Aqua Source official Gene Brown said that he had experienced
difficulty in getting actual figures as to the number of gallons
pumped out of the river as compared to the number of gallons
Demorest was actually selling. He said Aqua Source had based
their original contract figures on a 1998 audit of Demorest records.
Bryant added that there had been too many gallons a day used
this year compared with the audit totals. The company requested
help from the council in getting current records to complete
their contract figures.
Syfan recommended that the council authorize city engineer Fred
Hawkins, and city auditor Beth Grimes to review the contract
once it has been completed.
Baldwin Mayor Mark Reed said he is concerned with the definition
of the language used in the contract and asked that definitions
be specified in the next one.
In other business:
·sealed bids were opened for the purchase of snow chains
for the fire department trucks. The bid from Harliss, who holds
the warranty on the newest fire truck, came in at $5,750 and
was approved by the council. Money will come from the SPLOST
fund. The chains will be installed by Harliss.
·the council approved the purchase of a new transmission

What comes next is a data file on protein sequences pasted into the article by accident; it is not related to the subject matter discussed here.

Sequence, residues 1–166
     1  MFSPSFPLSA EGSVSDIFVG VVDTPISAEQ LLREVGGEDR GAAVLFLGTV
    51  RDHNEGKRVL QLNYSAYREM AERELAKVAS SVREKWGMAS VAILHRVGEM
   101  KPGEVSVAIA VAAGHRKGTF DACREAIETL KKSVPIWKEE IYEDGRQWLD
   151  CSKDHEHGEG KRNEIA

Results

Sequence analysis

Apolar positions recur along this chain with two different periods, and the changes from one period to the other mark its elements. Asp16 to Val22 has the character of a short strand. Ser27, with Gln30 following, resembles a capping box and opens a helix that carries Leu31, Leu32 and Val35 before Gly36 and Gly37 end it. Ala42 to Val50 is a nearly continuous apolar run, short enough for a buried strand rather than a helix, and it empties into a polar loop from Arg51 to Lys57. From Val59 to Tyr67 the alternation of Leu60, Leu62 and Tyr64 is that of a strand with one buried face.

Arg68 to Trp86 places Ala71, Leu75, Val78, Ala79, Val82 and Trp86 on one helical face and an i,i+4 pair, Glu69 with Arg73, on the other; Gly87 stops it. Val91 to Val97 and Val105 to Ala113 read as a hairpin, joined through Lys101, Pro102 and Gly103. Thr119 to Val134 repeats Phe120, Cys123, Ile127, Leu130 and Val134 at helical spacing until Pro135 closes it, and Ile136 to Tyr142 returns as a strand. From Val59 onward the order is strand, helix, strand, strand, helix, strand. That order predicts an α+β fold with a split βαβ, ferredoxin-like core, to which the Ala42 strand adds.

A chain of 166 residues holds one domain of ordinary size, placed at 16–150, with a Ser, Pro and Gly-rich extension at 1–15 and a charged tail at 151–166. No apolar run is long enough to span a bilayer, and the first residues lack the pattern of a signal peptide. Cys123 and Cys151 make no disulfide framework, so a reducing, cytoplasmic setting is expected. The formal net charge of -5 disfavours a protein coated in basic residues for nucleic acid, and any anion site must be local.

for one of the police cruisers.
·the council approved the closing of Light Street at certain
times of the day to serve the Head Start Pre-K facility located
on the street. The road will be one way for 30 to 45 minutes
twice a day during drop-off/pick-up times. The Head Start director
had requested the council do this to protect the 150 children
getting out of cars and the school busses during those congested
·heard thanks from the Reed Family to everyone for their
donations, gifts and prayers offered to their son, Mark Jr. Mayor
Reed's son was recently diagnosed with a rare form of cancer.
He has undergone surgery to remove a tumor and is receiving chemotherapy.
Mayor Reed expressed his heartfelt appreciation for "everything
everybody has done. It has helped us through this difficult time."
He asked that people continue to think of his son and all the
other children at Egleston Children's Hospital in Atlanta. Donations
for medical expenses can be made to the Mark Reed Jr. Family
Fund through any of the branch offices of Habersham Bank.
Sheriff, BOC chairman
among key local positions on ballot Tuesday
Banks County voters will be filling two top local positions when
they go to the polls on Tuesday, Nov. 7.
The sheriff and chairman of the board of commissioners are among
the races to be decided Tuesday. The other local race is for
the probate judge's seat.